Spring is here, which means it’s the perfect season to roll up your sleeves and start some home improvements. If you have kids, you might’ve noticed that undertaking big home projects can be challenging, especially if you have to try keeping them away from everything going on.
Instead of trying to keep them away, why not let them help? Ahead, learn a few spring home improvement projects you can do with your kids.
Cleaning isn’t a huge “home improvement” task, but some chores can pile up a too high. A few spring cleaning projects you can tackle with the kids include:
- Cleaning out a basement, attic, or garage
- Purging old toys and clothes from the house
- Washing exterior windows
- Scrubbing patio furniture
- Dusting hard-to-reach surfaces
If you’re focusing your attention on purging, put your stress to bed with a garage sale. If you provide your kids with a sense of responsibility, chances are, they’ll find that helping out is fun!
Refresh the Garden
Springtime means the gardeners come out of hibernation, and it takes a lot of work to get the garden up and running. Even if your kids don’t have gardening experience, there are plenty of things they can help with, such as:
- Pulling weeds
- Picking up sticks
- Removing rocks
- Planting seeds
- Watering plants
- Creating a compost bin
- Mowing the lawn
Your kids can still get the educational benefit of helping with a garden even if you don’t have a backyard. An indoor herb or flower garden are fun alternatives to an outdoor garden. Your kids can keep their own plants and proudly watch them grow.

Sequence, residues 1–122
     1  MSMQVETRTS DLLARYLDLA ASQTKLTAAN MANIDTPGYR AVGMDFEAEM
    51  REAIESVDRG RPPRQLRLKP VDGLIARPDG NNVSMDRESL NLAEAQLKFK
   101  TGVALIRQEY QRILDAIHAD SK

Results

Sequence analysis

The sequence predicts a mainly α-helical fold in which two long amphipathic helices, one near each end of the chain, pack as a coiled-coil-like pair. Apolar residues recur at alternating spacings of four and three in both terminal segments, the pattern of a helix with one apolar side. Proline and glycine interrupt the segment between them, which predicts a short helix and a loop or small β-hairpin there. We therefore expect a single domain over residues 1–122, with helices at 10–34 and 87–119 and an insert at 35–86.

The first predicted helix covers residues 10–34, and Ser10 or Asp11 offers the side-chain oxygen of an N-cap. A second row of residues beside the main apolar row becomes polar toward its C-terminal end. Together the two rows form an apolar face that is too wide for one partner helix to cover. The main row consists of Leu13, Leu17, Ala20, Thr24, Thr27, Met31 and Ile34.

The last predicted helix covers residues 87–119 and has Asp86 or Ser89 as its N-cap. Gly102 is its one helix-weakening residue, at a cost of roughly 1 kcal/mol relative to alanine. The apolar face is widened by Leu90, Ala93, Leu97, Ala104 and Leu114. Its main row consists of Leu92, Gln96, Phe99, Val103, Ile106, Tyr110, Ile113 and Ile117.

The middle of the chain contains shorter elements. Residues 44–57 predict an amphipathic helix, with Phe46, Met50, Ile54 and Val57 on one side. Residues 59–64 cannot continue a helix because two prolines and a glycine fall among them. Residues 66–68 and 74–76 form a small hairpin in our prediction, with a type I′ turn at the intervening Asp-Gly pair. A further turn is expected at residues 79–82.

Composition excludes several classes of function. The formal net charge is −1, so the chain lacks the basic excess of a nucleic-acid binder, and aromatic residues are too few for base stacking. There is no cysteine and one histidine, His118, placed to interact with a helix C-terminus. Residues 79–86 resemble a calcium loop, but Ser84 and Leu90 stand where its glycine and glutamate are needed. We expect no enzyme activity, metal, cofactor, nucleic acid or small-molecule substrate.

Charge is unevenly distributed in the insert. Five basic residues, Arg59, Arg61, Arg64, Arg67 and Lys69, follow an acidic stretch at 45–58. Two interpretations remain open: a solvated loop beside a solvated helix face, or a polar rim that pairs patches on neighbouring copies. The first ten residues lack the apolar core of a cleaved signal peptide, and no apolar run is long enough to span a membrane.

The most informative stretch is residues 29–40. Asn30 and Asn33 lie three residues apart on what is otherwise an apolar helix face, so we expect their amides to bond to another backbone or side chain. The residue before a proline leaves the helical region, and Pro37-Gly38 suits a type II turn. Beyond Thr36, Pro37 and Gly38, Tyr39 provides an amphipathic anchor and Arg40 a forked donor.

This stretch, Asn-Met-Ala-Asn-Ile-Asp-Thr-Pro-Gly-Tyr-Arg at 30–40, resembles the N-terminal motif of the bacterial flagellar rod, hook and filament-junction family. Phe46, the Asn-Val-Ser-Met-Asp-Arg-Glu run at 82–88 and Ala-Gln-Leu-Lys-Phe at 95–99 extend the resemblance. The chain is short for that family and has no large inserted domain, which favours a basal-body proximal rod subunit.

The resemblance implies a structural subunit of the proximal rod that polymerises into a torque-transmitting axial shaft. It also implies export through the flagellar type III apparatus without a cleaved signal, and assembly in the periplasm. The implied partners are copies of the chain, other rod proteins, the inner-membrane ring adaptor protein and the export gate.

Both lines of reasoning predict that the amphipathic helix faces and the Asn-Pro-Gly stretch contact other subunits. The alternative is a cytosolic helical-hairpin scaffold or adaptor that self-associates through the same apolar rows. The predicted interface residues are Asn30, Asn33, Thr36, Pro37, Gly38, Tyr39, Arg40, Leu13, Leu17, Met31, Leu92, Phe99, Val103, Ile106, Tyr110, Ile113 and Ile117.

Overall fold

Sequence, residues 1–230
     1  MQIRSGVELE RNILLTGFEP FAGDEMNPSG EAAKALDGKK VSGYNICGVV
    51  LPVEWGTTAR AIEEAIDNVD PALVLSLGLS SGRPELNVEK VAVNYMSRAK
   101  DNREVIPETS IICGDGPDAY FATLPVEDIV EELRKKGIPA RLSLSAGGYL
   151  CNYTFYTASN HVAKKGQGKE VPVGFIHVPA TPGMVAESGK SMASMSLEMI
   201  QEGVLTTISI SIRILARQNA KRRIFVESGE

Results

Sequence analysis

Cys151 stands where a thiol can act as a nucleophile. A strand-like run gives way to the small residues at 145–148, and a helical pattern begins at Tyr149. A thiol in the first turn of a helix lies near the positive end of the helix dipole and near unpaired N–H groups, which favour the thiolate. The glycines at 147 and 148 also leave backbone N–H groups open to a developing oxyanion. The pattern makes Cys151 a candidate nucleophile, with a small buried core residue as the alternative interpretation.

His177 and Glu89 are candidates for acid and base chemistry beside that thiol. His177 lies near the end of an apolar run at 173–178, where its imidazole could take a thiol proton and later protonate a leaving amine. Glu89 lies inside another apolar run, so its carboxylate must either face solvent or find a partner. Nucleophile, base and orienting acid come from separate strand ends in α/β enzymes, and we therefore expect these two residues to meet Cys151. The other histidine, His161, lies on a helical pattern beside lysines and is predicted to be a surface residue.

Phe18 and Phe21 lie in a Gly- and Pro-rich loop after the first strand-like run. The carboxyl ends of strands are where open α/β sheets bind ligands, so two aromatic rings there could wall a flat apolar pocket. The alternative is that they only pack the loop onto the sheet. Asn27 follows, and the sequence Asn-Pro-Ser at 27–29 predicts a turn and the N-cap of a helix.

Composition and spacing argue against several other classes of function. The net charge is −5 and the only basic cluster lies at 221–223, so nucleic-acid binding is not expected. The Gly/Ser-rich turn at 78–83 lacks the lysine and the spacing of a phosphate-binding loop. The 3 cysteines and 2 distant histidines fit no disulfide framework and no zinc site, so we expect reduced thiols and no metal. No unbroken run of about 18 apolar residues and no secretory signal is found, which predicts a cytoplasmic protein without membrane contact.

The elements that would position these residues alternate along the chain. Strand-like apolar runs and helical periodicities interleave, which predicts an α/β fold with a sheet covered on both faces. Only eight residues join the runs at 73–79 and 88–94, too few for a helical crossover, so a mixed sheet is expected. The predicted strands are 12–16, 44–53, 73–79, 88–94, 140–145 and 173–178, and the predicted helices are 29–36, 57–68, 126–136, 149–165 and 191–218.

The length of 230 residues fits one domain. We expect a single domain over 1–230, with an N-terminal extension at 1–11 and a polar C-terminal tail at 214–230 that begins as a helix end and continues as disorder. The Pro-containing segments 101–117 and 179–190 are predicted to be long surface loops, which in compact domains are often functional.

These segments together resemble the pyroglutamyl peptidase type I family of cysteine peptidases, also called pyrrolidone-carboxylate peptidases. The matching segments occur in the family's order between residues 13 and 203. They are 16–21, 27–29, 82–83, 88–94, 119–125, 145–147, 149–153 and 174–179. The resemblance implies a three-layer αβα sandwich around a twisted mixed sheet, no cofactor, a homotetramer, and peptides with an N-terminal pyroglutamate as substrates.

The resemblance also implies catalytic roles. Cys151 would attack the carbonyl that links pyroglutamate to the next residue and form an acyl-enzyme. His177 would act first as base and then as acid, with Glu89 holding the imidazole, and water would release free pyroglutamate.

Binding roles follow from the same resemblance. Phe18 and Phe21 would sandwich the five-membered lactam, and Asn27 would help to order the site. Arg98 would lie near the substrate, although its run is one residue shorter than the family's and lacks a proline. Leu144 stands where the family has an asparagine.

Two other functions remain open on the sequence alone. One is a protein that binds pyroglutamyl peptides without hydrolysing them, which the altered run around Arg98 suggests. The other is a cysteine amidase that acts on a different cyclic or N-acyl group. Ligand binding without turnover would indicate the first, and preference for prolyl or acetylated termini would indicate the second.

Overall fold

Do Some Painting
Many professionals recommend painting indoors during the spring or fall. It’s not too cold or hot during these seasons, so the paint will dry well and finish nicely.
Allowing the kids to help paint a room requires patience and supervision. Still, painting helps teach children self-control while building confidence in creative skills.
Build a Doghouse
If the idea of letting your four-year-old paint the house makes you nervous, why not let them paint the dog’s house instead? After all, it’s not like old Spot has an opinion about the interior décor.
If your dog already has a house, focus your attention on restoring the doghouse. If your pup doesn’t have a tiny home of its own, building a doghouse is an easy project to start. Local hardware stores often have kits for building a doghouse yourself, which is another great opportunity to let the kids practice practical skills like measuring and using hardware tools.
Now that you know a few projects you can tackle with your kids, you can get to work together!